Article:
What is a SYN Attack? How Does the Attack Work?

One kind of denial-of-service (DDoS) attack that tries to render a server inoperable for genuine traffic is a SYN flood, also known as a half-open attack. The attack consumes all of the server's resources. An attacker can overload a targeted server machine's ports by sending initial connection request (SYN) packets frequently. This makes the targeted device reply to legitimate traffic slowly or not at all.

How Does a SYN Flood Attack Work?

SYN flood attacks operate by taking advantage of a TCP connection's handshake procedure. To establish a connection, a TCP connection typically goes through three different procedures.

  1. The server next sends back a SYN/ACK packet in response to the first packet to acknowledge the communication.
  2. To establish a connection, the client first sends a SYN packet to the server.
  3. The client then sends back an ACK packet to the server to confirm that it has received the packet.
  4. The TCP connection is ready to transmit data once this packet series sending & receiving finishes.

An attacker uses the knowledge that the server will respond with one or more SYN/ACK packets after receiving an initial SYN packet and wait for the handshake's last phase to cause denial-of-service. This is how it operates:

  1. The attacker bombards the targeted server with a large number of SYN packets, frequently using fictitious IP addresses.
  2. After answering each connection request, the server opens a port so that the response can be received.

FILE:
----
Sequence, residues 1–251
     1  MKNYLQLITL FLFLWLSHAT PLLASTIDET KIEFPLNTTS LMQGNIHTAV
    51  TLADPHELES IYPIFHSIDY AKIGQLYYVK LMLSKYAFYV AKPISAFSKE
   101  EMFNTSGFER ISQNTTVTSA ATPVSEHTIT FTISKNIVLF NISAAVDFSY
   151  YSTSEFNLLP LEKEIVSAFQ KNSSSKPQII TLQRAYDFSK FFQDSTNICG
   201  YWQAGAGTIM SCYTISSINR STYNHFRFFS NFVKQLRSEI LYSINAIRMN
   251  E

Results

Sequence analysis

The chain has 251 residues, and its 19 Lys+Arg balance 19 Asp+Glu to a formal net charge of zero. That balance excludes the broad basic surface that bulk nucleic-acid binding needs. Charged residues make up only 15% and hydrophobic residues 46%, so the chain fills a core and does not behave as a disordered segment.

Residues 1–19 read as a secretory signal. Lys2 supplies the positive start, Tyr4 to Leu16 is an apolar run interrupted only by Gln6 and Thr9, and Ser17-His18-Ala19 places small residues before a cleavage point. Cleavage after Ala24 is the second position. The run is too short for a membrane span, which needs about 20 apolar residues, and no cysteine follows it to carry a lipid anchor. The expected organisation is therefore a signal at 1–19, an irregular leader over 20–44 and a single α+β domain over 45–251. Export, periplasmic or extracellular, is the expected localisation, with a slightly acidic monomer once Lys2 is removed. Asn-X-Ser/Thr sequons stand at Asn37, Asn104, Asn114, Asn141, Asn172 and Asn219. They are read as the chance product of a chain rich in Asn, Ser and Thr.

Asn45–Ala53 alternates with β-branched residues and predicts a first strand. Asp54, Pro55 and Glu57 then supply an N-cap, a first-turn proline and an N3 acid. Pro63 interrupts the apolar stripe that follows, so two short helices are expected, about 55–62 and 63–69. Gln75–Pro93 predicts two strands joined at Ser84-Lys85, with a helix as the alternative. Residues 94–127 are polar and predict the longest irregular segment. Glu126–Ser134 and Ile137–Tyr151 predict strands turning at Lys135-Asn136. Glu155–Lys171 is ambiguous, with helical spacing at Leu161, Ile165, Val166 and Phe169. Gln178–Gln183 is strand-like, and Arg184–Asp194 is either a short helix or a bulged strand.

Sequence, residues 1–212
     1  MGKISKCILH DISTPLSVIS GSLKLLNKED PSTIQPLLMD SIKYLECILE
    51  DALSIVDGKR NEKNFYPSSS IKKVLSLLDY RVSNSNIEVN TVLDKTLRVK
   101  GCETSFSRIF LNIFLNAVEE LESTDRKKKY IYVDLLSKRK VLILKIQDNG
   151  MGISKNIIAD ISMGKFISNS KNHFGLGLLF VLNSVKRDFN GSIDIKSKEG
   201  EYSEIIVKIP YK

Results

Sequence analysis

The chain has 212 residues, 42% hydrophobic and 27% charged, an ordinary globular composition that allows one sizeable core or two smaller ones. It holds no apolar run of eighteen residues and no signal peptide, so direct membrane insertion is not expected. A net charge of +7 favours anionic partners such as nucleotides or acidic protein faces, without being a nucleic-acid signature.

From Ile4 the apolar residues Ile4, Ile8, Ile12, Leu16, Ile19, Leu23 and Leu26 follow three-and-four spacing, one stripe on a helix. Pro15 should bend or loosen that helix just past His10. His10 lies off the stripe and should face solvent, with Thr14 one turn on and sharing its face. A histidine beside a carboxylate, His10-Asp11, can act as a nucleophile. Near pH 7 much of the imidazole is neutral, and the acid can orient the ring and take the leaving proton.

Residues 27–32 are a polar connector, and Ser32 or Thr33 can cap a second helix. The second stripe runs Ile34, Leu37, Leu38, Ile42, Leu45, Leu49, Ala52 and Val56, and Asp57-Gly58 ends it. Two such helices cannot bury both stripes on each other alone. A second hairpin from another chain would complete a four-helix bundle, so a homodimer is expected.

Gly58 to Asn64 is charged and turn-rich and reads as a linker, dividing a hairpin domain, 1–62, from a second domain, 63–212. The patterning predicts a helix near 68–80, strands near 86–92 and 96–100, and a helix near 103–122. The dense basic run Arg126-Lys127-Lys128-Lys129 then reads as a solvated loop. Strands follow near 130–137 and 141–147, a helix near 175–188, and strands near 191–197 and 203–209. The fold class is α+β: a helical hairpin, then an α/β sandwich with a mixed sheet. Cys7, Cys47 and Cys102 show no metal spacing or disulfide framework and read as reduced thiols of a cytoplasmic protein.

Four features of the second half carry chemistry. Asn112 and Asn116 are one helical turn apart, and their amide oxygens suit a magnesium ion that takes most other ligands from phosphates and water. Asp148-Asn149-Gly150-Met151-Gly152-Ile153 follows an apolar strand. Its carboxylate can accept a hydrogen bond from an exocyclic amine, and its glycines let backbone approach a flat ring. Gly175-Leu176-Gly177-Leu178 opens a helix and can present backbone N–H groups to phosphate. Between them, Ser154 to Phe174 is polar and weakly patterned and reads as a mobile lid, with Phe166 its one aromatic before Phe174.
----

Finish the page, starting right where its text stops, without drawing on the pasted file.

3. The attacker keeps sending more SYN packets as the server waits for the last ACK packet, which never shows up.
  4. The server keeps an open port connection for a certain amount of time upon the receipt of each new SYN packet.
  5. After every port has been used, the server can no longer operate normally.

In the realm of networking, a connection is deemed half-open if one server maintains it open while the computer on the other end does not. This kind of DDoS attack involves the targeted server leaving open connections all the while and waiting for each connection to time out before reopening the ports. As a result, this kind of attack qualifies as a “half-open attack”.

A SYN Flood Can Occur in 3 Different Ways:

  1. Direct attack: A direct assault is a SYN flood in which the IP address is not faked. The attacker in this assault does not use any masking of their IP address. The attacker is extremely susceptible to detection and mitigation because they created the attack utilizing a single source device with a legitimate IP address. The hacker stops the targeted computer from responding to the server's SYN-ACK packets to put it in a half-open state.
  2. Spoofed Attack: Additionally, a malicious user can fake the IP address on every SYN packet they transmit to thwart mitigation efforts and make their identity more elusive. Even though the packets might be faked, identifying where they came from might still be possible. While conducting this kind of investigative work is challenging, it is not impossible.
  3. Distributed attack (DDoS): There is no chance of tracing an attack back to its origin if it is made with a botnet. An attacker might additionally have each distributed device impersonate the IP addresses that it sends packets from to further obfuscate the system. The attacker usually won't bother to hide the IP address of the compromised device if they are utilizing a botnet, such as the Mirai botnet.

A malevolent actor can attempt to cause a denial-of-service in a target device or service with far less traffic than other DDoS attacks by employing a SYN flood attack. Unlike volumetric assaults, which seek to overwhelm the target's surrounding network infrastructure, SYN attacks just need to be bigger than the operating system of the target has an available backlog.